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A Multiwavelength Analysis of the Long-duration Flare Observed on 15 April 2002

Abstract

We present a multiwavelength analysis of the long-duration flare observed on 15 April 2002 (soft X-ray peak time at 03:55 UT, SOL2002-04-15T03:55). This flare occurred on the disk (S15W01) in NOAA 9906 and was observed by a number of space instruments including the Extreme-Ultraviolet Imaging Telescope on the Solar and Heliospheric Observatory (SOHO/EIT), the RESIK spectrometer onboard the Coronas-F spacecraft, and the Ramaty High Energy Solar Spectroscopic Imager (RHESSI). We have performed a complex analysis of these measurements and studied the morphology and physical parameters characterizing the conditions in flaring plasmas. The 195 Å SOHO/EIT images have been used to study evolution of flaring loops. Analysis of RHESSI data provided the opportunity for a detailed analysis of hard X-ray emission with 1 keV energy resolution. We have used Geostationary Operational Environmental Satellite (GOES) observations for isothermal interpretation of the X-ray measurements. Temperature diagnostics of the flaring plasma have been carried out by means of a differential emission measure (DEM) analysis based on RESIK X-ray spectra. The DEM distributions were calculated based on two methods: Withbroe–Sylwester (WS) and differential evolution (DE). Both of the approaches provided similar results. We obtained two-component DEM distributions independent of the evolutionary flare phase. We found that the amount of energy of thermal plasma for this flare is of the order of 1030 ergs. The values obtained by assuming an isothermal plasma model are lower than those determined from the differential emission measure distributions.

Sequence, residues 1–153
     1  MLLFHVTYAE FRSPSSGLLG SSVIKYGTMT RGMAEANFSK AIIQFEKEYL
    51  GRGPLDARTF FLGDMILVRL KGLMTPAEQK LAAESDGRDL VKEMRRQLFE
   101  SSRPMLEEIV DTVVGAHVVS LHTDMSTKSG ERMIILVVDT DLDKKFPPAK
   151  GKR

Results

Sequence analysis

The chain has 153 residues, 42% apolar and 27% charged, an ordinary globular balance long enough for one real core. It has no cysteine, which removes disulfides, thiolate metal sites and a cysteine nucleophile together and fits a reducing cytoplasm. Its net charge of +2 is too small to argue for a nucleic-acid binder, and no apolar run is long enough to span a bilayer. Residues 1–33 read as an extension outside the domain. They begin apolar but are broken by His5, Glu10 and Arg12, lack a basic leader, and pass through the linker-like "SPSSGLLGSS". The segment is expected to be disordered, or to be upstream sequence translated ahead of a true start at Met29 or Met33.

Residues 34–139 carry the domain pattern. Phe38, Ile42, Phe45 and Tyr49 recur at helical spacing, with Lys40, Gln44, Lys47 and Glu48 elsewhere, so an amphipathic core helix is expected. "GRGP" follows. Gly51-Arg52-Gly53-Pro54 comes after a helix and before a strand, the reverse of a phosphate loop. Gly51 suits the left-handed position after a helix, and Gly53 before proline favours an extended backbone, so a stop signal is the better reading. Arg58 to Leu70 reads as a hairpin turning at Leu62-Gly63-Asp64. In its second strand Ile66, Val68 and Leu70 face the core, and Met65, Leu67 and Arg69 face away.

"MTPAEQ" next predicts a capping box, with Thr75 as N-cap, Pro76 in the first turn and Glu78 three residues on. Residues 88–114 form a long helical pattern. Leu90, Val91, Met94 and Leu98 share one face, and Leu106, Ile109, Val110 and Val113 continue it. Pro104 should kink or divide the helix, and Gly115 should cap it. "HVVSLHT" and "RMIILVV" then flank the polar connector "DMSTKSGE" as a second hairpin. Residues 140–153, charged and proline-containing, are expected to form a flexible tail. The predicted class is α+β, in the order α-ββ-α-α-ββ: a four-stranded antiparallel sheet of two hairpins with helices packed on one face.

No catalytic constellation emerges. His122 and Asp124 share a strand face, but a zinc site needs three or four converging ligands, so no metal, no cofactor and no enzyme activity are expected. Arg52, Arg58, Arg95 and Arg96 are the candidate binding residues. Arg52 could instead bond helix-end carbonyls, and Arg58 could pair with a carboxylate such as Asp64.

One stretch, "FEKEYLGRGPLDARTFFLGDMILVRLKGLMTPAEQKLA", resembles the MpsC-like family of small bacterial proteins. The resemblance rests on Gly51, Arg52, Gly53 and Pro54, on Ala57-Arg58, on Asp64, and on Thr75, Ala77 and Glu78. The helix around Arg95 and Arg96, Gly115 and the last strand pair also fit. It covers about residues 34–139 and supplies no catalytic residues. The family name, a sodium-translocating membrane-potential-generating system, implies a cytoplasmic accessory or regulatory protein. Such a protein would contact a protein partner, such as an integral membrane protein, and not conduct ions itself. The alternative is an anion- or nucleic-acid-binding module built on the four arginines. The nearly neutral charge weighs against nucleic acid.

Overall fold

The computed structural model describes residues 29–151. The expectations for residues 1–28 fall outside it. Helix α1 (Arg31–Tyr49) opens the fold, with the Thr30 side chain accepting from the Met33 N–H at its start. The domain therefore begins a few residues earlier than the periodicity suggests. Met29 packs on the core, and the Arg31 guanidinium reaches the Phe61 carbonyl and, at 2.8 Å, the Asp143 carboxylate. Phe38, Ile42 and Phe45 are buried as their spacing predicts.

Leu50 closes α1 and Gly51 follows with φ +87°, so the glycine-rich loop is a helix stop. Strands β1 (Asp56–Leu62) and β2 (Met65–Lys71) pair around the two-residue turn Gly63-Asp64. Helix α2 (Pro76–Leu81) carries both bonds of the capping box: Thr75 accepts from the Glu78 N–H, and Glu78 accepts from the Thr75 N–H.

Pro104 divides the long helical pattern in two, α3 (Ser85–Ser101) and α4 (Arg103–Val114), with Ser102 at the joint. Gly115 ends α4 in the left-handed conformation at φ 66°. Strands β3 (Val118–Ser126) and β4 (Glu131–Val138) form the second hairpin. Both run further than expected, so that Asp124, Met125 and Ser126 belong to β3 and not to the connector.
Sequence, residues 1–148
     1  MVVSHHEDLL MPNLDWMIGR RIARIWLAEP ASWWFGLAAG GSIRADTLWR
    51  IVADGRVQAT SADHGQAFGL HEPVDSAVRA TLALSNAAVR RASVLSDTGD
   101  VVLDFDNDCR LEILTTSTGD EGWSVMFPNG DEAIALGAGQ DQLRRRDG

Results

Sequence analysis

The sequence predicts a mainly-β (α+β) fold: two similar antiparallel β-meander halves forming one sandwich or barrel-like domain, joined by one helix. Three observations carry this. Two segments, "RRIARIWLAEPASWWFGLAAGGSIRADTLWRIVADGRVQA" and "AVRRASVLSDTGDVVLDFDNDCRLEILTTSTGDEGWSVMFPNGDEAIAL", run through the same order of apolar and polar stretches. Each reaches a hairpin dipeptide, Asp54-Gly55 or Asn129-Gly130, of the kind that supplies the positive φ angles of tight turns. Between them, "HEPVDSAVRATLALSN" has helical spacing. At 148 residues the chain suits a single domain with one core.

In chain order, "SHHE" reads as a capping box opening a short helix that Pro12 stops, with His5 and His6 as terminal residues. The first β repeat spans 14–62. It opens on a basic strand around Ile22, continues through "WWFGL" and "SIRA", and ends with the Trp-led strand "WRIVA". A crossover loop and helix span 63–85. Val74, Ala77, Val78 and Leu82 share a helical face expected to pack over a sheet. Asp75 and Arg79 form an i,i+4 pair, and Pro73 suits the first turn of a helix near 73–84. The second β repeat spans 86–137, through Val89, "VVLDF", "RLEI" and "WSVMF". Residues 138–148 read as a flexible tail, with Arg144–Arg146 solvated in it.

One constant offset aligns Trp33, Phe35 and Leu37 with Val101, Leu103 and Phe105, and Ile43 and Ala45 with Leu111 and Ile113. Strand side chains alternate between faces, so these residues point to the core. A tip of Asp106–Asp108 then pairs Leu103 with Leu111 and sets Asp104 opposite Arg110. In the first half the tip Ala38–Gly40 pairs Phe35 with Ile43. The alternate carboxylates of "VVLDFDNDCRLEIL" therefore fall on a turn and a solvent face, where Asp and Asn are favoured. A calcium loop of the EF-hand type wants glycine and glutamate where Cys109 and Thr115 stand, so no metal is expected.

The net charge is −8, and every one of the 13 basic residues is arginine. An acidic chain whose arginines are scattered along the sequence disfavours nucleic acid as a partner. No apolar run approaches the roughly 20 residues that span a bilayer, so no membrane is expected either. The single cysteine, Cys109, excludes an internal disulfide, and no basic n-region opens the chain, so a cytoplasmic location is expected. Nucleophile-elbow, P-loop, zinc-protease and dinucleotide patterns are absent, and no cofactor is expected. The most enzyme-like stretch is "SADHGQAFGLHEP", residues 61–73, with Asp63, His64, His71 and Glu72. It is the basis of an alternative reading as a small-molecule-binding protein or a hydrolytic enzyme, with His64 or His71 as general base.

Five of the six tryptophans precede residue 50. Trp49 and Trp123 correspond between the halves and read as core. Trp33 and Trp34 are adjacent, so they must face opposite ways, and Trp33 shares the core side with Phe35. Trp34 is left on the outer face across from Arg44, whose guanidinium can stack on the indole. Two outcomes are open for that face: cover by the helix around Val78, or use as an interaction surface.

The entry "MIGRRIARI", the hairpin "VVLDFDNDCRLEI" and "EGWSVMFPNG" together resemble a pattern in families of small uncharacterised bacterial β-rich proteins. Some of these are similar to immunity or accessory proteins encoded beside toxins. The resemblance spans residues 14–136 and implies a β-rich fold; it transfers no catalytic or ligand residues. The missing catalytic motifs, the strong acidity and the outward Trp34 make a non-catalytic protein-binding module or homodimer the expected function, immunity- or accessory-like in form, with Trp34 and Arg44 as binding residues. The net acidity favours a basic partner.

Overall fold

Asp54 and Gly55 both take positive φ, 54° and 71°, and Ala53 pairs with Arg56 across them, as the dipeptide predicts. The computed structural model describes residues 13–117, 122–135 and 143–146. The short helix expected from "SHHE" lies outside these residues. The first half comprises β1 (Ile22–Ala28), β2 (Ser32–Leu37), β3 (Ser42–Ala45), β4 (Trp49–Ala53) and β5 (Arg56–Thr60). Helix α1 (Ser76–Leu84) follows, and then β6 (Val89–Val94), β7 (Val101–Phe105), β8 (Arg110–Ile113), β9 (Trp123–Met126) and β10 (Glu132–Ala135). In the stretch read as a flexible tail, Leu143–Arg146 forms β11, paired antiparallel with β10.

Introduction

Long-duration events (LDEs) are a class of flares characterized by slow temporal variations of their X-ray emission (many hours) and decay times significantly longer than the rise phase. LDEs usually occur in long-lived active regions (Kahler, 1977) and their morphological structure is rather complicated. LDEs are often associated with large coronal mass ejections (CMEs) and long-duration post-eruptive energy releases at different wavelengths (Svestka, 1983). They usually have a few hot and bright kernels of emission present along the arcade channel (Jakimiec et al., 1997; Kolomański and Jakimiec, 2002)

The extreme ultraviolet (EUV) emission rises at different phases of the flare evolution (Aschwanden et al., 2009), based on the flare catalogue of the Extreme UltraViolet Imager onboard the Solar Terrestrial Relations Observatory (STEREO/EUVI). Howard et al. (2008) and Kaiser et al. (2008) identified at least three components of EUV emission during the flare. The first one, coincident with enhanced hard X-ray emission, is observed in 79% of events during the impulsive phase. The second component is related to the cooling of flaring loops, which is accompanied by corresponding changes in the maximum emission from the soft X-rays to EUV temperature range and was noticed during the decay phase of 73% of flares, when the growth of ultraviolet emission without new flaring X-ray activity was observed. The last effect is the EUV dimming that is caused by the evacuation of expanding plasma during the initial phase of CMEs.

Woods et al. (2011), based on Solar Dynamic Observatory (SDO) observations, reported the fourth flare phase observed during the late phase of flares, which is related to development and brightening of a system of post-eruptive loops of longer length (separated in height from an original flare site).